93 Tyler Freeman SS CLE 22 2022
94 Mark Vientos 3B NYM 22 2022
95 Matthew Liberatore SP STL 22 2022
96 Brailyn Marquez SP CHC 23 2022
97 Kyle Muller SP ATL 24 2022
98 Matt Brash SP SEA 23 2022
99 Emerson Hancock SP SEA 22 2023
100 DL Hall SP BAL 23 2022

 

Top Fantasy Baseball Dynasty Prospects: #91-100

100. DL Hall, SP: The Orioles have had a terrible time keeping pitching prospects healthy and Hall has not been immune to the curse. He suffered a stress reaction in his throwing elbow in 2021 and will miss a portion of the 2022 season. Hall has the talent to be a top-shelf starter but his size and checkered injury past could push him to the bullpen where he’d no doubt be a high-leverage reliever.

99. Emerson Hancock, SP: Hancock was rated by most as a top-five option in the 2020 draft but I had him ranked lower due to his delivery, which I thought could eventually push him to the bullpen. Hancock has started throwing harder as a pro but his command has taken a step back and his secondary offerings haven’t developed quite as much as hoped. He still has a chance to be a mid-rotation starter but he could also end up as a multi-inning reliever with high-leverage potential.

98. Matt Brash, SP: As a Canadian coming from a colder region with a short baseball season, it’s taken Brash some time to develop but he could be a stud for the Mariners. The former fourth-round pick is a power pitcher with two plus offerings and two more pitches that show promise. Like Emerson Hancock, there is some reliever risk due to command/control issues but I think he has a slightly better chance to stick in the rotation and be an impact arm.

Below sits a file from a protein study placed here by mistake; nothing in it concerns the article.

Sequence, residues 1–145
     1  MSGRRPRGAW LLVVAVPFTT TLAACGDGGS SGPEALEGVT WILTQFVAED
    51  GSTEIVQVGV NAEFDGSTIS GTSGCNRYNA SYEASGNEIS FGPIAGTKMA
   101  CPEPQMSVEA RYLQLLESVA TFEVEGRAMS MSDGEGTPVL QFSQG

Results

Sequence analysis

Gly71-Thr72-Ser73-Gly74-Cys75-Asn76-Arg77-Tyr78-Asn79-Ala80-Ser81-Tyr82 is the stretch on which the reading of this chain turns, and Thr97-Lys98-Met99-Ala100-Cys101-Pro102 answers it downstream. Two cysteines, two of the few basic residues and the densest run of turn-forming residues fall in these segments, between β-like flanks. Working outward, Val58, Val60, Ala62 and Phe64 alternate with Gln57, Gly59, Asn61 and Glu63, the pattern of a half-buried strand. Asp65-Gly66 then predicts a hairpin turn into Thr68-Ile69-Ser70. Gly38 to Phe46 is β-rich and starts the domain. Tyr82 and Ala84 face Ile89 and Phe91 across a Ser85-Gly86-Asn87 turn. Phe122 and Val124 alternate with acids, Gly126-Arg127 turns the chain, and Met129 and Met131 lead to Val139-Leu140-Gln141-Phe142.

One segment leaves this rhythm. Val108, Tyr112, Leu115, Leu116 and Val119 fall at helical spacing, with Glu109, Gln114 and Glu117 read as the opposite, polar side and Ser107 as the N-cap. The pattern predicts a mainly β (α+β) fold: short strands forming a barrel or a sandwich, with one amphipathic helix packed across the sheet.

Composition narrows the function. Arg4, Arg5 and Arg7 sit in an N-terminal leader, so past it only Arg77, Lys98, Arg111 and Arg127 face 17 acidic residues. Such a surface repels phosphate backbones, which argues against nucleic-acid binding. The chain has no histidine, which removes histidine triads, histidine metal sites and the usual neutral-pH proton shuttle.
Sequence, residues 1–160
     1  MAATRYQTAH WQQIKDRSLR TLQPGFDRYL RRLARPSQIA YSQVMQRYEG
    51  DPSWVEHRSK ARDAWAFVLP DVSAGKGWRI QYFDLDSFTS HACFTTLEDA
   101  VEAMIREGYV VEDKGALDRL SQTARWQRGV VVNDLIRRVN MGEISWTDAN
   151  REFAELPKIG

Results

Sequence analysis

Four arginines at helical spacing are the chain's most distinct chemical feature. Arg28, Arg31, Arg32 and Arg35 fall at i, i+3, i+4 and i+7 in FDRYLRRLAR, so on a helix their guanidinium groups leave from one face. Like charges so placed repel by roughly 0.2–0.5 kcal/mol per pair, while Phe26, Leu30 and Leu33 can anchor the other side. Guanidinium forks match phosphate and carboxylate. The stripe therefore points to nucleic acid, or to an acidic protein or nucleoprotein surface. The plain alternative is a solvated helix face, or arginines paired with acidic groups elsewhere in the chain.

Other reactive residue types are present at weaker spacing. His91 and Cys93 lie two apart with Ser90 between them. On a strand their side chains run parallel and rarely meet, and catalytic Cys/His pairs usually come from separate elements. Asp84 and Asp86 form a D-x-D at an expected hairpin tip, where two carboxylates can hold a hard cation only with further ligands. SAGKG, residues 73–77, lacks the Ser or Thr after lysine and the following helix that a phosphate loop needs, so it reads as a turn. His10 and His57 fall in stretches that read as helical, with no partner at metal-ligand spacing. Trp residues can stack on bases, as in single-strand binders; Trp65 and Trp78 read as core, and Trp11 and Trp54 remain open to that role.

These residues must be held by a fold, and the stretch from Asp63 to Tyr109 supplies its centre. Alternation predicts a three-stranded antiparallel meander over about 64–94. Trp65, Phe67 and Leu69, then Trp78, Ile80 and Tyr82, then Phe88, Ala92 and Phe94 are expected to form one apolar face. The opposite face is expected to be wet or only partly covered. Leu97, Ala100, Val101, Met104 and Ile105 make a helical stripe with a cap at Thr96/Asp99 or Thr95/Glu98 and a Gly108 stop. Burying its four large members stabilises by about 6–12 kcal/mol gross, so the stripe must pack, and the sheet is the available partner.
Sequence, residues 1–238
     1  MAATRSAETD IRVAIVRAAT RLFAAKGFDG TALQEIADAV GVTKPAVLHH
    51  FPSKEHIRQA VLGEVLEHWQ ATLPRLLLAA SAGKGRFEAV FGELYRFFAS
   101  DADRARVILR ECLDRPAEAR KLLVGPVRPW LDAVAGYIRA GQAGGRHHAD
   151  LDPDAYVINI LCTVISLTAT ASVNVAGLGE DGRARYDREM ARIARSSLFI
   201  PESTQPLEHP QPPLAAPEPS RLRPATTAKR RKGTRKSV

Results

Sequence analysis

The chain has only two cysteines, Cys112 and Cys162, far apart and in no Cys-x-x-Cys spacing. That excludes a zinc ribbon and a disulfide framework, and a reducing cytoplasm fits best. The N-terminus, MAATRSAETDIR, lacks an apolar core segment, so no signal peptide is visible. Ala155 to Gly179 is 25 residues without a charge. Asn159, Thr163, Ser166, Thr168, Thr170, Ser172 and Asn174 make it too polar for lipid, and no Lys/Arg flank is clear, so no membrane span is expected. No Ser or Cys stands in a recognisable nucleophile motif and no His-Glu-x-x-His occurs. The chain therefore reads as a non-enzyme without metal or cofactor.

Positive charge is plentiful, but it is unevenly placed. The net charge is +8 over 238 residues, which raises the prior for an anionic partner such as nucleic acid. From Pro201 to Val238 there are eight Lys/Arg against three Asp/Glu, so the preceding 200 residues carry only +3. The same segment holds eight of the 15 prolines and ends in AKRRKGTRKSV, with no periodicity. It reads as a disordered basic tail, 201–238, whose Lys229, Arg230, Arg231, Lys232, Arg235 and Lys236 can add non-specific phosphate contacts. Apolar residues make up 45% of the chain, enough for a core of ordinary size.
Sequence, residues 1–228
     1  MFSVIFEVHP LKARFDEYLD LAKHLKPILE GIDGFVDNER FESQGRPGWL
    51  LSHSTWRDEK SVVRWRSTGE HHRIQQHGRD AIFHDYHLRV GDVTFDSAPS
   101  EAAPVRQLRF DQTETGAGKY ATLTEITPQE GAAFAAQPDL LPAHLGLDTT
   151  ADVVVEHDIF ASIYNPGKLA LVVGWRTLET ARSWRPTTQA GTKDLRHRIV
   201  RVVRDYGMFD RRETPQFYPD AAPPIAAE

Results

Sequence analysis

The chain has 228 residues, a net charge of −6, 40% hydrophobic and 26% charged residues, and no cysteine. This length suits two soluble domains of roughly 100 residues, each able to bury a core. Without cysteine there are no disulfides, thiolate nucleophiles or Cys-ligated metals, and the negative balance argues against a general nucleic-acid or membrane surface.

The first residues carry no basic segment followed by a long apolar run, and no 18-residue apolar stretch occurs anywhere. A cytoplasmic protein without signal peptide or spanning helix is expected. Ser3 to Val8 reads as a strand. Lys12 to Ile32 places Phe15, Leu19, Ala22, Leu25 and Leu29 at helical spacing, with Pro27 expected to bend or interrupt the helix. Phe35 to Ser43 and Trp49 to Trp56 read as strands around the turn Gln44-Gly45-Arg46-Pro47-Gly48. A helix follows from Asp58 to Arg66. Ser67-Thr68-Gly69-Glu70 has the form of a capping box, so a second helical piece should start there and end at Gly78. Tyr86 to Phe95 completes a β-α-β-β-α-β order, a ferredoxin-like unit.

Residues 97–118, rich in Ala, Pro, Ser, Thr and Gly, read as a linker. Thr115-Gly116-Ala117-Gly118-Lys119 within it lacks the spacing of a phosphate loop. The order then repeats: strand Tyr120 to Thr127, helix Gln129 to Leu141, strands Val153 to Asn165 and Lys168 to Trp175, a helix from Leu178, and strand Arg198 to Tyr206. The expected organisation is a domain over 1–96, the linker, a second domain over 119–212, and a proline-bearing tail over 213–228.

97. Kyle Muller, SP: Muller is a huge, left-handed power pitcher with massive upside if he can throw enough strikes to stick in the rotation. His MLB debut in 2021 was promising and he missed lots of bats. If he can’t limit the walks, he could be headed for shorter outings as a high-leverage reliever. Along with his long-term dynasty potential, Muller is an intriguing sleeper in 2022 redraft leagues.

96. Brailyn Marquez, SP: A shoulder injury shelved Marquez for much of the 2021 season but, when healthy, he has one of the best arms in the minors. The tall lefty has a power repertoire and can hit triple digits with his heater. The injury issues and lack of a consistent third offering could push him into the bullpen as a high-leverage arm.

95. Matthew Liberatore, SP: Liberatore isn’t a power pitcher but he can scrape the mid-90s and throws four pitches that have a chance to be better-than-average. The 22-year-old has a strong, durable frame with an advanced approach and above-average control. Once he polishes his command, he has a chance to be a solid mid-rotation arm.